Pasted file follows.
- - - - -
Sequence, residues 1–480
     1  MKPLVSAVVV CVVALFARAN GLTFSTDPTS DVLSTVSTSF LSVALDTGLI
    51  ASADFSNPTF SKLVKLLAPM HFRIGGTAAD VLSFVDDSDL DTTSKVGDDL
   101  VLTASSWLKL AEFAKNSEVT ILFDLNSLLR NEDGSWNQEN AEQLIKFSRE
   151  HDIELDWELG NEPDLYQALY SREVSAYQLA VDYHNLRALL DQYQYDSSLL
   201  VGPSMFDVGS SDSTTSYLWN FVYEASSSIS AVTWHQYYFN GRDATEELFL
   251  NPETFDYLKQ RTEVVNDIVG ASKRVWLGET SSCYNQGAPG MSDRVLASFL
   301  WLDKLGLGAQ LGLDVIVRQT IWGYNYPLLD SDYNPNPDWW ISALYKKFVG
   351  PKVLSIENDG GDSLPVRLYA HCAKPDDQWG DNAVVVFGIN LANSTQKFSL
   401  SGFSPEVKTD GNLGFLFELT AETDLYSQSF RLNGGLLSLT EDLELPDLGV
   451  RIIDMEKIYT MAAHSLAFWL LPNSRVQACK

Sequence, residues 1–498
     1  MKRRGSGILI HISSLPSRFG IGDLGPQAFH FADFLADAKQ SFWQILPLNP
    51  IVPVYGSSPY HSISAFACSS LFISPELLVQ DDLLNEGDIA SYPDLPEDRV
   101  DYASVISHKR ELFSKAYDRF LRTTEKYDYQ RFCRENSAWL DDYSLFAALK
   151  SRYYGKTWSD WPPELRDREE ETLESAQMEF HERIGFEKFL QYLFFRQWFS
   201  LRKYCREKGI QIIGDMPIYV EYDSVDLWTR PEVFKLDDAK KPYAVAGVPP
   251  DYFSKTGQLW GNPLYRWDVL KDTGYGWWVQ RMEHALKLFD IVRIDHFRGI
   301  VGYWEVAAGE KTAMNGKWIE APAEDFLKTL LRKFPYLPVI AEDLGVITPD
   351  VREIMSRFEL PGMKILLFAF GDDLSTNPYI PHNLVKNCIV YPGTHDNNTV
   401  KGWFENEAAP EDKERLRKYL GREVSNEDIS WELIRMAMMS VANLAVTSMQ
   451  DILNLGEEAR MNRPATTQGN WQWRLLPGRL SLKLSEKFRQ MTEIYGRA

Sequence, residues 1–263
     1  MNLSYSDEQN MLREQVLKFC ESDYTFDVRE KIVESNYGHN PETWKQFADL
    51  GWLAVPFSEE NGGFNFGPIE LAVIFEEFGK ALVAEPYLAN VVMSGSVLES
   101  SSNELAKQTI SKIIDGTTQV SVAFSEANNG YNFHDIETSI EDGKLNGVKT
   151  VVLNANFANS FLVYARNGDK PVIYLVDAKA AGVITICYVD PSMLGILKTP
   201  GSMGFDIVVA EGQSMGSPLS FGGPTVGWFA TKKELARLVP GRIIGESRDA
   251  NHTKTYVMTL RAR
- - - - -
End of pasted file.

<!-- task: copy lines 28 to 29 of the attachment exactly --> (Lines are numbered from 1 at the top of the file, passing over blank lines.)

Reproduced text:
   201  GSMGFDIVVA EGQSMGSPLS FGGPTVGWFA TKKELARLVP GRIIGESRDA
   251  NHTKTYVMTL RAR